“My research team has people from various backgrounds – social, economic, cultural – and they learn from each other,” she said. “I can see the training they have received from various countries is all so different. Some are very well trained to write, some are very well trained to critically think, and when they work together they are complementing each other. As a team they all move up.”

Dr. Kumaragamage said she has never come across any situation where she felt uncomfortable or where she felt she wasn’t included at UWinnipeg. But one of the barriers she sees to increasing equity, diversity, and inclusion (EDI) is finding ways to reach out to diverse communities when hiring.

“Whenever we recruit students and research assistants for research, we are thinking of EDI,” she said. “But sometimes, we still find that when we advertise, we don’t get applicants from diverse backgrounds. There are many complex social factors which lead to this, but encouraging people to apply and get into positions is a good start.”

Dr. Aarzoo Singh

Dr. Singh joined the Department of Women’s and Gender Studies at UWinnipeg as an assistant professor in September 2023. She completed her PhD at the University of Toronto, and her research is focused on post-colonial studies and archival studies.

Headshot of Dr. Aarzoo Singh

Dr. Aarzoo Singh, Women’s and Gender Studies Assistant Professor

Dr. Singh studies how physical objects disrupt mainstream narratives – looking at how experiences of colonial violence get lost and left out of history, and how the objects left behind tell a part of that story.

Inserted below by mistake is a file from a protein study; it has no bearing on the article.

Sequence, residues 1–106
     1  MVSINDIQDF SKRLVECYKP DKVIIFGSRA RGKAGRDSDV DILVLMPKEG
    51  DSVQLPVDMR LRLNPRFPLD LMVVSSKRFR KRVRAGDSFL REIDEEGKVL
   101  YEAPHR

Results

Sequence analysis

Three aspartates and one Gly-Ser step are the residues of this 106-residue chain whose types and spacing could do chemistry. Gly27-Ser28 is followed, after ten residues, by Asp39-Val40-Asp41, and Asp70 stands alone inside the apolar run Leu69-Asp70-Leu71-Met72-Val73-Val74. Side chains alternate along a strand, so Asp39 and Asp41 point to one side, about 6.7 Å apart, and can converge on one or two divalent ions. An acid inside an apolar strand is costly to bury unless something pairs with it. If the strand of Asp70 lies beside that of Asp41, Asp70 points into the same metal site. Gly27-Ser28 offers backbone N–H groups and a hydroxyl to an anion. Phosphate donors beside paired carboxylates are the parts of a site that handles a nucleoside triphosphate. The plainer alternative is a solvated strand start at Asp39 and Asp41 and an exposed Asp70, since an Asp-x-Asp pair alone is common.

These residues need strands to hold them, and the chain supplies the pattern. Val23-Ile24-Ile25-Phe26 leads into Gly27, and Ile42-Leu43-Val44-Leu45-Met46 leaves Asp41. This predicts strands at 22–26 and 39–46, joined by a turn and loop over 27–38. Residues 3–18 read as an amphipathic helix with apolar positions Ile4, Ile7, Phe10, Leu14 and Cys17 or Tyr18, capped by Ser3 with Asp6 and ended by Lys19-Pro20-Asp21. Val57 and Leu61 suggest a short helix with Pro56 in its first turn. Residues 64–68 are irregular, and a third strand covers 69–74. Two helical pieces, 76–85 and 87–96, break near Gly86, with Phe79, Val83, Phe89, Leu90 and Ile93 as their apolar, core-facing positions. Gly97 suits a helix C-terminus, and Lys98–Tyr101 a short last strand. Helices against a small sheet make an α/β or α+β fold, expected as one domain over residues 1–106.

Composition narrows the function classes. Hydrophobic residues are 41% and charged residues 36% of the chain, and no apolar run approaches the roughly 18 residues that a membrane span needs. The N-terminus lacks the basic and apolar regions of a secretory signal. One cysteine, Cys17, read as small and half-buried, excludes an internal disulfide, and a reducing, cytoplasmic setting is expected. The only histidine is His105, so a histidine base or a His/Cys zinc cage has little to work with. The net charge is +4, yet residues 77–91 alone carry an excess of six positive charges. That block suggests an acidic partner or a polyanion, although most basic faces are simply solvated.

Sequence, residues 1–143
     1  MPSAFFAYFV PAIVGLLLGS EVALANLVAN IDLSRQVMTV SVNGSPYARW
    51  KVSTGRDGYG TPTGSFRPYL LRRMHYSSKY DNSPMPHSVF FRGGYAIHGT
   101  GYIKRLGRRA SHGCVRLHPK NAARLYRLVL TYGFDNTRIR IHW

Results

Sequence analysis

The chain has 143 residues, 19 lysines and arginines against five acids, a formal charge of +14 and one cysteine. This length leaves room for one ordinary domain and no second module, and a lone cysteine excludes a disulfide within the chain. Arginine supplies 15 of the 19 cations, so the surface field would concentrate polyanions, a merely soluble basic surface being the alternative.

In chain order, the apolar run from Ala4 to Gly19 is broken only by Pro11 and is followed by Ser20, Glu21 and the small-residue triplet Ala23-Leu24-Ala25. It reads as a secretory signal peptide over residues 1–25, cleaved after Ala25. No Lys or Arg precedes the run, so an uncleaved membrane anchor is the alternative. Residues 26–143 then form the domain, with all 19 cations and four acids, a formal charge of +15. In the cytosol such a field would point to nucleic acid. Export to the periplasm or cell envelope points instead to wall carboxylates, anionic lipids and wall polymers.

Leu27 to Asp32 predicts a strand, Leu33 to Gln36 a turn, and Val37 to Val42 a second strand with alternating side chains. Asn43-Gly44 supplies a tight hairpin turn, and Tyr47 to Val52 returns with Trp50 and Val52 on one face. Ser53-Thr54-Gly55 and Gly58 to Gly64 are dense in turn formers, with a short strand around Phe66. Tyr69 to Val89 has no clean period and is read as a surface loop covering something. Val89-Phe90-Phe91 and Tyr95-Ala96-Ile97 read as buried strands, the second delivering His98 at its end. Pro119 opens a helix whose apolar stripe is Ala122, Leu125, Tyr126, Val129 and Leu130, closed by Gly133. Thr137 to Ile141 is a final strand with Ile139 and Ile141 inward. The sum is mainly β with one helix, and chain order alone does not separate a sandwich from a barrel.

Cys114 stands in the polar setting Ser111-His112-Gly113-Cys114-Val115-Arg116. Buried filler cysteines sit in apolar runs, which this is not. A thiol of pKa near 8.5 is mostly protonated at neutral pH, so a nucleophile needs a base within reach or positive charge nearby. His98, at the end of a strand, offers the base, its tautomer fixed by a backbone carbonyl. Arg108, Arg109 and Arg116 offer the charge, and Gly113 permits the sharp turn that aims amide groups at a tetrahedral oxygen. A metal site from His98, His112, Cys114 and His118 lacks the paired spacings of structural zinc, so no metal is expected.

“I turn to physical things,” she said. “I’m looking at abandoned homes, I’m looking at heirlooms, physical things that are relics or remainders that filter down inter-generationally, and how those hold narratives that sometimes are unspoken but are interventions into that story nonetheless.”

For International Women’s Day, Dr. Singh believes it’s important to celebrate what women are doing now, and to remember all the hard work that has already been done and the struggles that the women’s movement has put forward.

“When we look at that history, we can see what’s been done and who’s been left out along the way,” she said. “Not all women’s experiences can be homogenized to be the same, so taking into account that nuance. Looking at who are we making space for now, and how are we reconfiguring the way we’re doing this so that it makes more sense for everyone.”

One of the ways to do that, Dr. Singh suggests, is having more representation at the decision-making level.

“I think it’s really important to make space for diverse voices to be a part of the conversation and, importantly, to be decision makers,” she said. “How are we allowing them to be part of the infrastructure and decision making? It’s incredibly important because, depending on who’s making those decisions, structure will follow.”

Dr. Singh also said having people to look up to and having community supports can be fundamental.

“Having a rootedness in what it means to be human is really important,” she said. “I think the network of women and non-binary people in my life have been really instrumental in creating community and scaffoldings that are really grassroots-based, which has been incredibly important and inspirational to me.”